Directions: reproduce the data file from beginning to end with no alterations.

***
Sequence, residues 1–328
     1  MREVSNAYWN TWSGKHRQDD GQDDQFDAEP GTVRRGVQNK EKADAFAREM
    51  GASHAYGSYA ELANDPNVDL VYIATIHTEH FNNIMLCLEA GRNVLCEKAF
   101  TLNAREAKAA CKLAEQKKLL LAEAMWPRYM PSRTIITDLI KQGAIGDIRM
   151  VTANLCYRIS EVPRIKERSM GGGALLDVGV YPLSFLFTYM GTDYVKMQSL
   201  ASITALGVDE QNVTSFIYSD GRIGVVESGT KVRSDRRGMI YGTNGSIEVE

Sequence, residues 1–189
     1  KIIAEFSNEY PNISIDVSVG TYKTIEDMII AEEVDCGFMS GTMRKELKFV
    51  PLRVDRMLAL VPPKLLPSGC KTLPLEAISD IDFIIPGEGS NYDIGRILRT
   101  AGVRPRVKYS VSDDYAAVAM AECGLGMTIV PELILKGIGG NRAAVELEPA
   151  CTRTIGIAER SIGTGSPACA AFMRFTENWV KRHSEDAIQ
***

Sequence, residues 1–328
     1  MREVSNAYWN TWSGKHRQDD GQDDQFDAEP GTVRRGVQNK EKADAFAREM
    51  GASHAYGSYA ELANDPNVDL VYIATIHTEH FNNIMLCLEA GRNVLCEKAF
   101  TLNAREAKAA CKLAEQKKLL LAEAMWPRYM PSRTIITDLI KQGAIGDIRM
   151  VTANLCYRIS EVPRIKERSM GGGALLDVGV YPLSFLFTYM GTDYVKMQSL
   201  ASITALGVDE QNVTSFIYSD GRIGVVESGT KVRSDRRGMI YGTNGSIEVE

Sequence, residues 1–189
     1  KIIAEFSNEY PNISIDVSVG TYKTIEDMII AEEVDCGFMS GTMRKELKFV
    51  PLRVDRMLAL VPPKLLPSGC KTLPLEAISD IDFIIPGEGS NYDIGRILRT
   101  AGVRPRVKYS VSDDYAAVAM AECGLGMTIV PELILKGIGG NRAAVELEPA
   151  CTRTIGIAER SIGTGSPACA AFMRFTENWV KRHSEDAIQ